Here are the top 10 Allergy-Friendly Foodie Trends:
Aquafaba, literally meaning “bean water,” is the water that beans are soaked in. In early 2015, Goose Wohlt discovered that chickpea liquid alone can be used as an egg substitute when he made a vegan meringue identical in taste and texture to the traditional meringues made with egg whites. Since then, there have been countless recipe innovations from a blossoming community dedicated to experimenting with aquafaba. It is used to replace eggs in recipes for ice cream, cakes, icing, marshmallows and much more. Here are 10 Tasty Things You Can Make With Chickpea Water.
2. Gluten-Free Cooking
Gluten-Free diets continue to grow in popularity and mainstream manufacturers catered to this demand by introducing new gluten-free packaged goods, making it easier to cook and bake gluten-free goods at home. Gluten-free boxed mixes for cakes, pancakes and biscuits are readily available at most supermarkets, along with a growing variety of gluten-free pastas, breads and cereals.
In early 2015, an Australian study published findings that taking probiotics significantly improved the efficacy of OIT (oral immunotherapy) and helped patients successfully build a tolerance to peanuts. Since then, the food allergy community has taken a keen interest in probiotics. Enjoy Life Foods launched a new line of baked mixes earlier this year that include probiotics.
4. Nutritional Yeast
Nutritional Yeast is a deactivated yeast made from Saccharomyces Cerevisiae. It doesn’t froth or grow like active yeast used in baking, but is full of vitamins and nutrients and is best used as a seasoning to add a distinct earthy flavour to dishes. The best way to add a “cheesy” taste to a dairy-free dish is with nutritional yeast, and it is a key ingredient in almost all dairy-free cheeses. It adds the finishing touch to recipes like this Allergy-Friendly Mac and Cheese.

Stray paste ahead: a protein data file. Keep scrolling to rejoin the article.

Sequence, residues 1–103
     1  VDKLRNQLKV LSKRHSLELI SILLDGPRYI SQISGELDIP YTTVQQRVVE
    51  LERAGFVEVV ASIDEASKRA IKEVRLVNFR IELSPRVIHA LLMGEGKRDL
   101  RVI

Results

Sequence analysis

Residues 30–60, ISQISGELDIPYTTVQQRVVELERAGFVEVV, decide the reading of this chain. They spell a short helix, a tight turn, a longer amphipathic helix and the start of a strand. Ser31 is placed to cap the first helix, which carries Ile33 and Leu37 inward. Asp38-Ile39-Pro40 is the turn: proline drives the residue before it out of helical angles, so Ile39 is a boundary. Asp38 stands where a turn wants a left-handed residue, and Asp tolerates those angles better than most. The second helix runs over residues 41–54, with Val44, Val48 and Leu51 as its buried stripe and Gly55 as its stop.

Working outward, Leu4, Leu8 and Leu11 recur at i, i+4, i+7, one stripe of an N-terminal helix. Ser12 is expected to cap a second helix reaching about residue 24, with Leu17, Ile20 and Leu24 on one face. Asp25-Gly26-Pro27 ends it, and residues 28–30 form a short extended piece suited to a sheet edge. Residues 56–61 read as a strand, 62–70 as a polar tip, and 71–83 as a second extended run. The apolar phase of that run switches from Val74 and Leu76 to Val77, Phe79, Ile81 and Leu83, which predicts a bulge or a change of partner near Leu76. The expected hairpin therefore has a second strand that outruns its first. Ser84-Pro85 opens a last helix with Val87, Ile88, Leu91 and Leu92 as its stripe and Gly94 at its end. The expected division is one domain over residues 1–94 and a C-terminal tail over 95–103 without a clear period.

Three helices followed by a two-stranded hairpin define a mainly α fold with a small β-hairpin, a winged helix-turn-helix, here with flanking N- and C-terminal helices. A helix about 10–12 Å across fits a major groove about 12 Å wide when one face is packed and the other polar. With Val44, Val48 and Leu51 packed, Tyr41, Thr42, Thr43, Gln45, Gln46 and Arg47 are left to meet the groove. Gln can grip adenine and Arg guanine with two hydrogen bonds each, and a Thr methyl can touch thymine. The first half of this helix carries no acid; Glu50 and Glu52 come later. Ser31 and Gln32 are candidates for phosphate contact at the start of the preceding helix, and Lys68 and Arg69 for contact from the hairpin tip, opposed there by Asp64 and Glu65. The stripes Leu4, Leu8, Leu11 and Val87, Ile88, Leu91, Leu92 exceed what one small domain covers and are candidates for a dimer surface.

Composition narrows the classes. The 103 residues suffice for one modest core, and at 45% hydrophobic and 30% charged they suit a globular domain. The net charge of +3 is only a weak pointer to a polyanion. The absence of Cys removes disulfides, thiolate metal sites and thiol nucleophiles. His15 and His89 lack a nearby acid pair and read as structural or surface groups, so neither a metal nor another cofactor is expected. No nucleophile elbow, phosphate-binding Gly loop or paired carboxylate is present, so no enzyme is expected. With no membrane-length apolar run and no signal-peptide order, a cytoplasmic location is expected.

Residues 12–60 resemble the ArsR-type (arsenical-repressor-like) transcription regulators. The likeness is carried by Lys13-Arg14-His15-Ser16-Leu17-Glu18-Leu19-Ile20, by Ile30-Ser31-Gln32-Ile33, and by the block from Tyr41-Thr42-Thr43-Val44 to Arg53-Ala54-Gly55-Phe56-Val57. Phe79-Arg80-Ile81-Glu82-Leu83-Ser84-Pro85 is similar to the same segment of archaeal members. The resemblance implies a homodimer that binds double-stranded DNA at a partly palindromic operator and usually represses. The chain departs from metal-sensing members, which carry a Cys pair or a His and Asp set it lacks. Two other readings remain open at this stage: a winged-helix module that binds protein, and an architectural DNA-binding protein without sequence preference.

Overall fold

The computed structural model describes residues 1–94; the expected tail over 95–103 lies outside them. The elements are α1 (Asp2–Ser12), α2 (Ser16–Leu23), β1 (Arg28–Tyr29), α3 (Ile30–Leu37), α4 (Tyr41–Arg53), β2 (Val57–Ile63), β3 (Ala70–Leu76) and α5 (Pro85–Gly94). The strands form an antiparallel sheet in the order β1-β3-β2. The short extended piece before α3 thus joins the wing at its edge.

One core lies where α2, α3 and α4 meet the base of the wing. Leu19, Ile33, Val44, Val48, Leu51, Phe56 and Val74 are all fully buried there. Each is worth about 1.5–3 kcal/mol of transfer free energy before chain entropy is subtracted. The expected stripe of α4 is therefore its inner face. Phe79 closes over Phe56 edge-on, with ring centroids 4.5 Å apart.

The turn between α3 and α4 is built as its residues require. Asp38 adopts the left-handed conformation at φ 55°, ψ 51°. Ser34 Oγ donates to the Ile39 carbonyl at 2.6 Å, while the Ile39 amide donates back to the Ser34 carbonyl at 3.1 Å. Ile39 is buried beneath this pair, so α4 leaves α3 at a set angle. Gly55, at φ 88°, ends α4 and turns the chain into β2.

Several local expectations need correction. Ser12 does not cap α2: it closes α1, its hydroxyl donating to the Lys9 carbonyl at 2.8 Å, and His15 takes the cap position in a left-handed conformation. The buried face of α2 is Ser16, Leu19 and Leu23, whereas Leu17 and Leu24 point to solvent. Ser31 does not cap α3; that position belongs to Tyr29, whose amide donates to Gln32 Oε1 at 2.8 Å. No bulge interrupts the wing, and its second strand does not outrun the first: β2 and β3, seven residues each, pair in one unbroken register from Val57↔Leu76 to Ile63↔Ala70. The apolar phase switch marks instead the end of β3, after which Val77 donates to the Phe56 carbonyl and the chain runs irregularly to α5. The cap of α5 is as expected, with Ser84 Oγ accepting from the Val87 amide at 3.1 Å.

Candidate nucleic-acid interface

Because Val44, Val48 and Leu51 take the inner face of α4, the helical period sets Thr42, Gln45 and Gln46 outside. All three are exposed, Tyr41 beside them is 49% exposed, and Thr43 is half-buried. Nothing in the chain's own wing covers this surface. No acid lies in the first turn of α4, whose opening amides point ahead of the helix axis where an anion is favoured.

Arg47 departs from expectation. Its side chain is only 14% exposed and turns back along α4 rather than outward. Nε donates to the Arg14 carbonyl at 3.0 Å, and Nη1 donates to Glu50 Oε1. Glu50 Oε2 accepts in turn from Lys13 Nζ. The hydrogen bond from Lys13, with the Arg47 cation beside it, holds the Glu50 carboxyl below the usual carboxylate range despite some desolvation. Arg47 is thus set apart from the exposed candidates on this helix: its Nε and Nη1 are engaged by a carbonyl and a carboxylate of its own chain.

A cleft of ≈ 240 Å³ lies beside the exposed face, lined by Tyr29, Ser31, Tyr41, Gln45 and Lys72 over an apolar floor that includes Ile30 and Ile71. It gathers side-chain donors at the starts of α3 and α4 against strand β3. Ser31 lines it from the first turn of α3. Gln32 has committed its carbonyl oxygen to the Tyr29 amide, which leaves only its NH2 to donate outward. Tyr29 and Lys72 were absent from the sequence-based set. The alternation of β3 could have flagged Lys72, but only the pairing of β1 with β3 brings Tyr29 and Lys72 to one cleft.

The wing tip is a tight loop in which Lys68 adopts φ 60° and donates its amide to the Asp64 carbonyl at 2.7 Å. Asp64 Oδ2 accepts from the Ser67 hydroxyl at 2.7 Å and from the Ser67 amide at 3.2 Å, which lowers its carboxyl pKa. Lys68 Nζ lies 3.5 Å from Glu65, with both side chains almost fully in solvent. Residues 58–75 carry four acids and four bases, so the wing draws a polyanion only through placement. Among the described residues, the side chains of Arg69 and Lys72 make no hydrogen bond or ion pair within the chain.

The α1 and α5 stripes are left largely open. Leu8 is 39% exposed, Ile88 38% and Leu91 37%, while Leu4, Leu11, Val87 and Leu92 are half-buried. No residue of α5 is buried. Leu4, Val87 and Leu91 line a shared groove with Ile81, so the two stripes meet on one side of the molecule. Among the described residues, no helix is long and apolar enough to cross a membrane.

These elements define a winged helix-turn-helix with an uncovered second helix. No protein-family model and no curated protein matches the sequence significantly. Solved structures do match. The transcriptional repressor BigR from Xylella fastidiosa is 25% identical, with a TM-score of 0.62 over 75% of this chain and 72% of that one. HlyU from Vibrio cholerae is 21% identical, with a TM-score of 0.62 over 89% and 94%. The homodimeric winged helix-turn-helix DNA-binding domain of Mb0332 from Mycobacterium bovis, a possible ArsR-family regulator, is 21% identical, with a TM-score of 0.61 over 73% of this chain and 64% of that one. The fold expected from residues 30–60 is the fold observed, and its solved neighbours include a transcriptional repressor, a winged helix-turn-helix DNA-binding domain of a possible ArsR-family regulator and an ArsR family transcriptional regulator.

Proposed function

Whole Algal Flour can be used as a partial replacement for cream, milk, eggs and butter/shortening in a variety of foods. Whole Algal Flour is derived from natural microalgae containing essential amino acids, dietary fiber, and high levels of lipids, carbohydrates and micronutrients. It’s a main ingredient in scrambled egg replacers such as VeganEgg, and cheese substitutes like Daiya cheese. It is an ingredient that will increase in popularity in the coming years.
6. Hemp Seeds
Hemp seeds are an excellent nut-free alternative. They are rich in protein, omega 3, omega 6, and are a source of all 10 essential amino acids. Hemp seeds also have a distinct “nutty” flavour that makes it a great ingredient to use in baking and cooking. Ready to eat snacks such as Hemp Bars and Hemp Bites were introduced by Manitoba Harvest Hemp Foods, and is increasing in popularity. Hemp is used to substitute almonds in this recipe for Allergy-Friendly Nanaimo Bars and is found in many recipes for allergy-friendly granola bars, cookies and smoothies.
7. Bento Box Lunches
The trend of packing takeout lunches in multi-compartment bento-style containers is not unique to the food allergy community, but many food allergy bloggers have embraced the idea of bento box lunches. Taking “safe” food with you every time you leave home is a reality for many people that live with multiple food allergies, and bento-style containers allow a variety of food to stay separated and fresh, neatly in one compact box.
8. Black Salt
Black Salt, called Kala Namak in Hindi, is actually pink when ground, but the whole crystals are black. This rock salt has a pungent characteristic sulfurous hard-boiled-egg aroma, which is the reason it is so popular with egg-free foodies. Black salt is commonly used in recipes to mimic the flavour of real eggs. It is the finishing touch in tofu scramble and tofu egg salad.
9. Coconut Aminos
Coconut Aminos rose in popularity as part of the paleo diet, but has become a staple in many soy-free households as an alternative to soy sauce. Coconut Aminos is made from the raw sap of the coconut tree, naturally aged and blended with sun-dried sea salt. It is less salty than Tamari, but can be used exactly as you would use soy sauce, for marinades, sauces and stir-fries.
10. Allergy-friendly Dining
Many restaurants and bakeries across the country have recognized the increase in consumer demand for allergy-friendly food. There are a growing number of gluten-free, nut-free, dairy-free and/or egg-free bakeries that offer allergy-friendly cupcakes, cookies and treats. Gluten-free and vegan options are becoming more commonly available in traditional restaurants. The allergy-friendly restaurant trend will continue as long as consumers continue to appreciate and show interest in these products and establishments.Next